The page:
Quebec City Hospitality




Feeling a lot better
July ‘77

It was the sunset that did it, I’m sure. Come morning, I decided to
keep biking. I was up around 7 a.m., and after campfire coffee and
toast, and, in the midst of the solitude of my railroad sanctuary, I
was ready to greet the day—good or bad. It helped that the sun was
out, too.

Back on the highway, I spent a lot of time trying to piece my way
around Quebec City. Coming down a steep grade somewhere in the city, I
heard a ping. There went a rear wheel spoke. I continued riding until
I found an air compressor. While fixing my bike, I met an old lady in
the yard next to the gas station, doing her gardening. She invited me
in for dinner.

She introduced me to her husband and son. English was not their
preferred language. In fact, they really couldn’t speak much. We
managed, though. They were special people, very nice. We had sirloin
steaks for dinner. There were leftovers, so I ate two. They were
delicious. I stayed a while, but conversation was limited. It was the
“good vibes” that kept me there. They understood my “getting out of
town problem,” so they told me to follow them. As I followed on my
bike behind their car, they drove slowly until we reached the road
sign that read, “Montreal.” Thank-you very much nice people!

I needed that. It was a surefire attitude lift. I rode away from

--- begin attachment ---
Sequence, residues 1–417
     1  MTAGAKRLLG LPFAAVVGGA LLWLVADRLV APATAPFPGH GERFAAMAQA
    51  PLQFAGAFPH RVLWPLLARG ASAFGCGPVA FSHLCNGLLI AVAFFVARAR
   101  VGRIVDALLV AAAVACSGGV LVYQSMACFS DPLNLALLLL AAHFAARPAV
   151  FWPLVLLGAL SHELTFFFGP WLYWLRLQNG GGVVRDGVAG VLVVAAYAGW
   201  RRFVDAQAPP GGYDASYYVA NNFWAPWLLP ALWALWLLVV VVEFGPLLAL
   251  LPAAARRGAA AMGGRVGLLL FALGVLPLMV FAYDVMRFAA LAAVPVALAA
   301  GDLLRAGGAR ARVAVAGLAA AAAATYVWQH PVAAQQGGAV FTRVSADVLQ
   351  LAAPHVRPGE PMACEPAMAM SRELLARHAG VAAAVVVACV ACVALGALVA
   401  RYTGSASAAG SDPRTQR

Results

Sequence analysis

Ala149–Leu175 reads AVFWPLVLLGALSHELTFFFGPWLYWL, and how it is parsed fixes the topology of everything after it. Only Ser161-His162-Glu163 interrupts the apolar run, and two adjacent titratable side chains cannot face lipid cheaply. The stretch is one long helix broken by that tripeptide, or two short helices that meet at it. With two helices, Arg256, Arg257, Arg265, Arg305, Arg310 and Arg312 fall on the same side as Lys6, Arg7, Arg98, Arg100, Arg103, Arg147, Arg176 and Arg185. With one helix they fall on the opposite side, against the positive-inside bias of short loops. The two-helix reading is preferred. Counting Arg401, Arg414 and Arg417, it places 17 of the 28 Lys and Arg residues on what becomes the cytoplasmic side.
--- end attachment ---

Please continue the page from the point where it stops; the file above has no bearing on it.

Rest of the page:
Quebec City feeling a lot better than when I arrived. Out on the
highway, I still had the wind to contend with, and the sun disappeared
behind the clouds around 4 p.m., but I felt really, really, good. When
the rain clouds rolled in, though, I started to look for shelter.

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About bwinwnbwi

About me: Marvin Gaye’s song, "What’s Going On" was playing on the jukebox when I went up to the counter and bought another cup of coffee. When I got back, the painting on the wall next to where I was sitting jumped out at me, the same way it had done many times before. On it was written a diatribe on creativity. It was the quote at the bottom, though, that brought me back to this seat time after time. The quote had to do with infinity; it went something like this: Think of yourself as being in that place where infinity comes together in a point; where the infinite past and the infinite future meet, where you are at right now. The quote was attributed to Hermann Hesse, but I didn’t remember reading it in any of the books that I had read by him, so I went out and bought Hesse’s last novel, Magister Ludi. I haven’t found the quote yet, but I haven't tired of looking for it either.
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2 Responses to Quebec City Hospitality

  1. frizztext says:

    Feeling a lot better … 1977 or now too?

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